[17]             Paula, 165. For an example of a fiancé discovering a suitor’s pornography use prior to marriage and the advice given by a Muslim scholar, see Zaynab Ansari, “My Fiance Discovered Some Objectionable Files on My Computer,” https://seekersguidance.org/ans-blog/2010/11/15/my-fiance-discovered-some-objectionable-files-on-my-computer/ (17 March 2012).

[18]             Paula, 165. If there are other problems in the relationship, this may be especially difficult.

[19]             Ibid., 155. In addition to the time lost that could have been better spent with loved ones, researchers have shown that prolonged exposure to pornography even fosters an attitude of withdrawal from family life. One may even feel a greater aversion to getting married.

[20]             Ibid., 148.

[21]             Ibid., 153.

[22]             Ibid., 169.

[23]             Paula, 157-158.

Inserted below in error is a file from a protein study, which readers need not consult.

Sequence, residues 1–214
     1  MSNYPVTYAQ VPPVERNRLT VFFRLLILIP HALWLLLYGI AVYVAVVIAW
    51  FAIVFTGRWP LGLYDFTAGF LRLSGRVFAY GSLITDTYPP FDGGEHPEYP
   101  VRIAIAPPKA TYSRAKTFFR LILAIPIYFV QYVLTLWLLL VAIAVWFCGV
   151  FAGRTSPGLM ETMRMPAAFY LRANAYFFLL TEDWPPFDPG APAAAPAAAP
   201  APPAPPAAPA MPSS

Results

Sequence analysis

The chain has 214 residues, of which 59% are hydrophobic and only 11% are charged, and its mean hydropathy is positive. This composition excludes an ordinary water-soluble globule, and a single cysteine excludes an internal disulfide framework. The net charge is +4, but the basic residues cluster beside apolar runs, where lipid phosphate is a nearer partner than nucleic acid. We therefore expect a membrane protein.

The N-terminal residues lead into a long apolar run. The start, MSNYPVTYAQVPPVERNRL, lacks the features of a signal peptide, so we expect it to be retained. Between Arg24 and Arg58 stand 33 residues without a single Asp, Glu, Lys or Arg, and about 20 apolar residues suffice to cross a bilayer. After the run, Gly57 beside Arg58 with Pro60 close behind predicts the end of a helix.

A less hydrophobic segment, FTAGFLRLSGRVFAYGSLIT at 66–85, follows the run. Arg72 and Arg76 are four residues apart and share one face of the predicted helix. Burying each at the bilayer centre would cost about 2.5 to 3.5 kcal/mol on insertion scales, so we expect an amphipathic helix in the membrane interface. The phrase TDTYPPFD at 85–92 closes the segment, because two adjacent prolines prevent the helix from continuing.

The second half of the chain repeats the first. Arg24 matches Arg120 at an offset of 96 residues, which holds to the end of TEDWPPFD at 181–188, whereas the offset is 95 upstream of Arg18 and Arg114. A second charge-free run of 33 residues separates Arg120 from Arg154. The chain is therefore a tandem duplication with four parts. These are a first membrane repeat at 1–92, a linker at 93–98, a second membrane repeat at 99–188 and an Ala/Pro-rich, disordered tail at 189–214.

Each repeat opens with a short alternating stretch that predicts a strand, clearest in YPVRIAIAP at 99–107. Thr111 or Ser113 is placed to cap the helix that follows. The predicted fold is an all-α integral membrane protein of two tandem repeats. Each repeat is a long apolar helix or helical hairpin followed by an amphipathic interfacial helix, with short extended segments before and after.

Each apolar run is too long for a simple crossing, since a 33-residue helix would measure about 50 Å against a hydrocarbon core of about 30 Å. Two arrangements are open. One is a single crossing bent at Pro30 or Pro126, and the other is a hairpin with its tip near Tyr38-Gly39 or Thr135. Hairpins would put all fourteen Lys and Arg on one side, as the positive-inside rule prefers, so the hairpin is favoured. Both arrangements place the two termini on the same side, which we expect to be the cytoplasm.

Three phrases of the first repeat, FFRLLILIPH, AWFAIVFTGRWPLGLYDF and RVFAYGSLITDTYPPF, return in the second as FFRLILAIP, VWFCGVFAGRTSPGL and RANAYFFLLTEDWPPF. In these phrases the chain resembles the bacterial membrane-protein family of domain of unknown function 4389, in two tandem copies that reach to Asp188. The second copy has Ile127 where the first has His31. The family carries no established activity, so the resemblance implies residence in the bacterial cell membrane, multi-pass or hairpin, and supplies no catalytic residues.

[24]             Ibid., 159.

[25]             Ibid., 220.

[26]             Ibid., 233.

[27]             Ibid., 151.

[28]             Ibid., 151.

[29]             Ibid., 139.

[30]             Ibid., 224.

[31]             Mohaddidi and Sekandari.

[32]             Paula, 226.

[33]             Mahmoud al-Istambulli, The Bride’s Boon: Tuhfat al-’Arous, translated by AbdElhamid Eliwa (http://www.islambasics.com, PDF), 149.

[34]             Ibid.

[35]             For some success stories of Ramadan’s program,  (accessed March 17, 2012).